Mozilla Thunderbird is an email, newsgroup, and news feed client designed around simplicity and full-featuredness, while avoiding bloat. It supports POP, IMAP, SMTP, S/MIME, and OpenPGP encryption (through the Enigmail extension). Similarly to Firefox, it has a wide variety of extension and addons available for download that add more features.
- 1 Installation
- 2 Extensions
- 3 Tips and tricks
- 4 Troubleshooting
Other alternatives from the AUR include:
- long-term supported version) AUR (a
- cutting-edge version by Mozilla) AUR (the official
- nightly version) AUR (a
There are a number of language packs available, if English is not your preferred language. To see a list of available language packs, try:
$ pacman -Ss thunderbird-i18n
EnigMail - Encryption
Sharing the public key
There are a variety of ways to distribute the public key. One is to upload it to a public keyserver network. Another is to share it with friends.
Encryption does not always work properly with emails containing HTML. It is best to use plain text by choosing Options > Delivery Format > Plain Text Only in the new email window.
Once the email is finished it can be signed through the OpenPGP menu.
Assuming that the email was encrypted properly, just trying to open it should result in a popup window asking to type in the keyphrase.
Enabling high privacy
By default, Enigmail discloses some information in the email headers and in the OpenPGP comment field. This includes which Enigmail is being used and its version. Both can be disabled in the Config Editor (Edit > Preferences > Advanced > General).
To not send the email header set
extensions.enigmail.addHeaders to false.
To disable the Enigmail comment, set
extensions.enigmail.useDefaultComment to true or uncheck: OpenPGP > Preferences > Advanced > Add Enigmail comment in OpenPGP signature ("Expert Settings" needs to be enabled).
Disabling the user agent itself (which shows one is using Thunderbird) is currently not possible.
FireTray - Tray icon
Lightning - Calendar
Tips and tricks
Setting the default browser
Recent versions of Thunderbird use the default browser as defined by the system MIME settings. This is commonly modified by the Gnome Control Center (Gnome Control Center > Details > Default Applications > Web) (available in: ).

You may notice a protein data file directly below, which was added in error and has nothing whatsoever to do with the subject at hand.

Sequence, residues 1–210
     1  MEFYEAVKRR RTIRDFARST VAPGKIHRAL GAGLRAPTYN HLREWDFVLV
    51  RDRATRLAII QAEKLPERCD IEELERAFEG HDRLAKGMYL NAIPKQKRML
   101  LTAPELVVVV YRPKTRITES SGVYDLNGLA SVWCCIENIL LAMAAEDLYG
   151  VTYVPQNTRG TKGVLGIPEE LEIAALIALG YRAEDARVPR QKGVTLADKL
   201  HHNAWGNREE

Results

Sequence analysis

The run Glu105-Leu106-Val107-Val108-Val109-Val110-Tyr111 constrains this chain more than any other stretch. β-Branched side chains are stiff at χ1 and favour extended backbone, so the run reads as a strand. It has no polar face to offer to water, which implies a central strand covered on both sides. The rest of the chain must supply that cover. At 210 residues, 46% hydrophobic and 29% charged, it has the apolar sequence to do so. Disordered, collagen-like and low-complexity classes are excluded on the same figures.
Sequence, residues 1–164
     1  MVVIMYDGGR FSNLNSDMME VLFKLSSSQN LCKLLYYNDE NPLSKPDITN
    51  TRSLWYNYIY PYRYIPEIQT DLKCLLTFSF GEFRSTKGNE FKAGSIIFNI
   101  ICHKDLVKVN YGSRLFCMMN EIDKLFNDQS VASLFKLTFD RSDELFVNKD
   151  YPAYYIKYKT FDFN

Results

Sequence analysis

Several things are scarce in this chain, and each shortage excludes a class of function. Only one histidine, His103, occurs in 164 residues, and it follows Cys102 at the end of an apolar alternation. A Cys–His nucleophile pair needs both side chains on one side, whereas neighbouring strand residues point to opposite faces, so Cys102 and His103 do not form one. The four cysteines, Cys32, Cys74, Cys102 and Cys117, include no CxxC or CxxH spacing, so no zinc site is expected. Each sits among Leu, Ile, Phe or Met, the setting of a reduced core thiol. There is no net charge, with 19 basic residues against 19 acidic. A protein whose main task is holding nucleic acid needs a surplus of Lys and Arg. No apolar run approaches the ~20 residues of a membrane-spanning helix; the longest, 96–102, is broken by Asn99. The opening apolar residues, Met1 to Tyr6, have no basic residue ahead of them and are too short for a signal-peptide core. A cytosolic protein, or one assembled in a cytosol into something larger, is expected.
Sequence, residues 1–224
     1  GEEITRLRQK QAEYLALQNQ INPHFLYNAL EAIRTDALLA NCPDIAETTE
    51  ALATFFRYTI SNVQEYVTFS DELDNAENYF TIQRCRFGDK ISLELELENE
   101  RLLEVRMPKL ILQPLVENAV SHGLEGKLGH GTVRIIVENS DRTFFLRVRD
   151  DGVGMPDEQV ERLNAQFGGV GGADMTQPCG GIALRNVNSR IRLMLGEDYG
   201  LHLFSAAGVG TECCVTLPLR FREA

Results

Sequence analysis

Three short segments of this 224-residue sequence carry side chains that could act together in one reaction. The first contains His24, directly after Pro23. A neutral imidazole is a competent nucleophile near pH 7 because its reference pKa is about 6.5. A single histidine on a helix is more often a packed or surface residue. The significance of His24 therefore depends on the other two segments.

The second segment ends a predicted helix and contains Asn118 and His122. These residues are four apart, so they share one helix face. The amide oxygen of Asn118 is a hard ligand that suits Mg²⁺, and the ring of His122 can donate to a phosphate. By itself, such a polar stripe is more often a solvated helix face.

This can be overridden in Thunderbird through Edit > Preferences > Advanced > General > Config Editor by searching for
If the following three are all set to false (default), turn them to true, and Thunderbird will ask you when clicking on links which application to use (remember to also check "Remember my choice for .. links").
network.protocol-handler.warn-external.ftp network.protocol-handler.warn-external.http network.protocol-handler.warn-external.https
Plain Text mode and font uniformity
Plain Text mode lets you view all your emails without HTML rendering and is available in View > Message Body As. This defaults to the Monospace font but the size is still inherited from original system fontconfig settings. The following example will overwrite this with Ubuntu Mono of 10 pixels (available in: ).
Remember to run
fc-cache -fv to update system font cache. See Font Configuration for more information.
<?xml version="1.0"?> <!DOCTYPE fontconfig SYSTEM "fonts.dtd"> <fontconfig> <match target="pattern"> <test qual="any" name="family"><string>monospace</string></test> <edit name="family" mode="assign" binding="same"><string>Ubuntu Mono</string></edit> <!-- For Thunderbird, lowering default font size to 10 for uniformity --> <edit name="pixelsize" mode="assign"><int>10</int></edit> </match> </fontconfig>
Webmail with Thunderbird
- See upstream Wiki: Using webmail with your email client.